Twisted Interior
New!

Old Interior
Old!

However, the car is still quite uncomfortable, cramped and seriously out of date and almost undriveable for anyone over 6 foot.

An icon? Certainly.
A replacement for your daily driver at 12000 miles per year? No.

Of course if you want the ultimate Defender then Harry does it best!

As someone remarked with understated sagacity, “You can’t polish a turd.” to which the swift reply was, “No, but you can roll it in glitter.”

Climate Control – It’s not Rocket Science

Simple Mini heater controls

There are many things in life that wind me up, amongst them are drivers that don’t understand the Climate Control function in their car.
Early heating systems in cars were fairly rudimentary, water from the cooling system flowed through a matrix located near the front bulkhead controlled by a valve.  As this matrix got warm a fan would blow air through it, gathering heat, and then distribute it through the cabin utilising various outlets up to the screen and down to the footwell.  Variations in the valve and the fan speed would alter the temperature; after a fashion.  Journeys usually involved lots of fiddling and trial and error to get and maintain a satisfactory temperature.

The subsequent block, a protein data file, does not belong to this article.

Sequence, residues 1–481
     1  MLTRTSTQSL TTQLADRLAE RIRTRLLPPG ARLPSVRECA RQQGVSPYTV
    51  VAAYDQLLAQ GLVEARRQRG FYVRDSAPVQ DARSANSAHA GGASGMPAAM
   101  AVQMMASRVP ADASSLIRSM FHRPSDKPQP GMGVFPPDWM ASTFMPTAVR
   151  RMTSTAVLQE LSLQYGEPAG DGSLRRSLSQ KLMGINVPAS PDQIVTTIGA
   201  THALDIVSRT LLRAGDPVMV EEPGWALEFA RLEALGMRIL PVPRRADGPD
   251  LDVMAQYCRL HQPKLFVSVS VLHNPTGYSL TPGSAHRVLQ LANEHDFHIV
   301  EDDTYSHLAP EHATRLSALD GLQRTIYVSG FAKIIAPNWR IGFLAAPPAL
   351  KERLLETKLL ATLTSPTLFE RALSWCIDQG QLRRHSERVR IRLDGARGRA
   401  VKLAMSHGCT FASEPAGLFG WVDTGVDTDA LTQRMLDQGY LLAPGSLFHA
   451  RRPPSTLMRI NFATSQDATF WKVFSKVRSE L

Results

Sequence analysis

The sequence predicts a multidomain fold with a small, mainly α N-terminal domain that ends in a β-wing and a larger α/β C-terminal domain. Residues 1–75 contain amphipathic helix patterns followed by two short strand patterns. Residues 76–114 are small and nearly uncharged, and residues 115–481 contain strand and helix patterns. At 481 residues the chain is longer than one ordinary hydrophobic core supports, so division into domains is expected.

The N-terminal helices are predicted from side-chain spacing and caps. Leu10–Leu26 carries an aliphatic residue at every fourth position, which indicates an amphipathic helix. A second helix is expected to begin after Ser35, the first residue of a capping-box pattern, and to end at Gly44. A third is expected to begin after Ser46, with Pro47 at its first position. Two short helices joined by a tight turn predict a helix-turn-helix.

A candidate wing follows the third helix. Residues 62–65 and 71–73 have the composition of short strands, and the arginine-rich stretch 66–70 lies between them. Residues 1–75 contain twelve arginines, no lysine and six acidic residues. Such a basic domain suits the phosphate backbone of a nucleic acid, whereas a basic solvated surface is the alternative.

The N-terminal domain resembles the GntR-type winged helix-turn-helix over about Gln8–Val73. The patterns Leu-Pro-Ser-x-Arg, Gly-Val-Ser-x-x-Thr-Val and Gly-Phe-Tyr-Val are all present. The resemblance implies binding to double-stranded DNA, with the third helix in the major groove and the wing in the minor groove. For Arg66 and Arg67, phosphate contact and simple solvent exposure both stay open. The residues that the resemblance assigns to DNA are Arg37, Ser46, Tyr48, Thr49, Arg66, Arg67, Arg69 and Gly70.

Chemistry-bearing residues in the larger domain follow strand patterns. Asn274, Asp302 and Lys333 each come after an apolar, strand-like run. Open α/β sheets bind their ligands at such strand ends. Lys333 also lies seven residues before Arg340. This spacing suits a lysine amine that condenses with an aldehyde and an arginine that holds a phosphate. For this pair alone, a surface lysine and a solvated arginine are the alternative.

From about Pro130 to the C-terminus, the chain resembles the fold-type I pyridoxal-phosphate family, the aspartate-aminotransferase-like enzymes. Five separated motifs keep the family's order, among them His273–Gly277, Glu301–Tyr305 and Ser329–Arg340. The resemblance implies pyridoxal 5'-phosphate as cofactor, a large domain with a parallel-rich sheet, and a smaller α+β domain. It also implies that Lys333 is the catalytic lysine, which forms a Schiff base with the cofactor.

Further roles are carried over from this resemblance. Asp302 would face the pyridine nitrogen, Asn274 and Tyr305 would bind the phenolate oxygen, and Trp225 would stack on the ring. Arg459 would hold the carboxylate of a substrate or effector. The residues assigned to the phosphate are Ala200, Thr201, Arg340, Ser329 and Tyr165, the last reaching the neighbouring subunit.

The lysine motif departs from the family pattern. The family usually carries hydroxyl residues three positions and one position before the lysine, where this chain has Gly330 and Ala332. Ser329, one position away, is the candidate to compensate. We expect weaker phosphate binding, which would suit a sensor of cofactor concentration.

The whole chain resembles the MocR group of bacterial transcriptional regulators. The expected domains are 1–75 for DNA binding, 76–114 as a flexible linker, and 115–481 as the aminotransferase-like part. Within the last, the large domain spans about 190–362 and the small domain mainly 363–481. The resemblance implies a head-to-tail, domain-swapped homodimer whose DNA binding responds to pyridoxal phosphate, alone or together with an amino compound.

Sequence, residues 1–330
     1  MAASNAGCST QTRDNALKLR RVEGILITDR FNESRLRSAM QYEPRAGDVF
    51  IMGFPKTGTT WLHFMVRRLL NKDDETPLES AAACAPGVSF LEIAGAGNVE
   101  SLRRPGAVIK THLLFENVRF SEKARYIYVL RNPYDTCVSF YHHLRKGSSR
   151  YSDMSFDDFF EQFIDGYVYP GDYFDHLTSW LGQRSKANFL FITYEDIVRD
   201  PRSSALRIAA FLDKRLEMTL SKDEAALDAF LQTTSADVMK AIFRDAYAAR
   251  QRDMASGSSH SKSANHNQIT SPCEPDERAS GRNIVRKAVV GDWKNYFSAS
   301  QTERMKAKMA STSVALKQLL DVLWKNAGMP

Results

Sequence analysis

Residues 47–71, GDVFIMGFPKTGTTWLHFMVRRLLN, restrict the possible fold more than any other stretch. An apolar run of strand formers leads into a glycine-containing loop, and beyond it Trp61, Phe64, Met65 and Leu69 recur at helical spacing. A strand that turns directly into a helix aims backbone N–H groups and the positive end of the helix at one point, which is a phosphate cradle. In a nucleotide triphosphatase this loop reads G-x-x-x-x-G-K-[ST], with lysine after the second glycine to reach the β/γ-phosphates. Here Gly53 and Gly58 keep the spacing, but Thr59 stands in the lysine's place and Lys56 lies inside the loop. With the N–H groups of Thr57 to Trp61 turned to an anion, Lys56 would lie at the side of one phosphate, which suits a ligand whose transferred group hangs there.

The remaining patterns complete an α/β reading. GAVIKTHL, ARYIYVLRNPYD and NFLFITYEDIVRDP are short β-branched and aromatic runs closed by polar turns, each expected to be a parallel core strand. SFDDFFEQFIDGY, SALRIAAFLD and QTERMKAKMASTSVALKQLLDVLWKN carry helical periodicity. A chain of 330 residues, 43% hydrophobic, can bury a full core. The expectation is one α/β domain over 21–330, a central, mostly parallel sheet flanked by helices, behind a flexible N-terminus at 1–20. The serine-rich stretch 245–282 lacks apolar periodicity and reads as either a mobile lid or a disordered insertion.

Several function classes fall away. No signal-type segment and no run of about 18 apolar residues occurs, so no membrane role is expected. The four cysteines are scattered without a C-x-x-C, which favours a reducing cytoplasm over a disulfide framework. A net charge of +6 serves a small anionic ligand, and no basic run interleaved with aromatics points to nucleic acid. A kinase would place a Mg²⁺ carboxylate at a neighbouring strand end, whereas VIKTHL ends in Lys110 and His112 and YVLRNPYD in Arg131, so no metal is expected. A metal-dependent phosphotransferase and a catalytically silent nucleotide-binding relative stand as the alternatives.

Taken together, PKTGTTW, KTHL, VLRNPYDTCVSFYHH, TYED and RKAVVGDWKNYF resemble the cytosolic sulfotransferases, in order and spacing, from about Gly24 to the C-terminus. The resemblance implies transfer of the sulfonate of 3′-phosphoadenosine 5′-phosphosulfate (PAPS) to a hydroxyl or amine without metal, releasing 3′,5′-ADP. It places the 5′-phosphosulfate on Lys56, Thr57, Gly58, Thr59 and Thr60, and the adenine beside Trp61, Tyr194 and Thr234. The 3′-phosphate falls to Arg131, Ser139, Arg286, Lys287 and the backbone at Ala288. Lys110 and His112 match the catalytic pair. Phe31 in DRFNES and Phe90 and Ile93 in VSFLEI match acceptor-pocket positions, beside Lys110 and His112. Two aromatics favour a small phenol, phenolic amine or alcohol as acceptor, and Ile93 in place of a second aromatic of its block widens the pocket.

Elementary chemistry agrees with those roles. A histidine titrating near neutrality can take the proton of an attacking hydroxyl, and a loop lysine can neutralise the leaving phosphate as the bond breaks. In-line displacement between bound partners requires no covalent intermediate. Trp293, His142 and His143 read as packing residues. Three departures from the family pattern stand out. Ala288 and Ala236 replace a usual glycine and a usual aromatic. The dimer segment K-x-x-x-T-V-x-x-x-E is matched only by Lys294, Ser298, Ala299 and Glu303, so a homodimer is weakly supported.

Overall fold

Of course in the summer cars became unbearably hot and windows needed to be open to cool the vehicle down whilst moving.
Air conditioning was the answer and this was developed first in the USA in 1933, and then in 1939 Packard introduced the “Bishop and Babcock Weather Conditioner” which also incorporated a heater. Cars ordered with the new “Weather Conditioner” were shipped from Packard’s factory to the B&B factory where the conversion was performed. Once complete, the car was shipped to a local dealer where the customer would take delivery, with quite a large bill.  Air conditioning is now standard on almost all cars however lowly.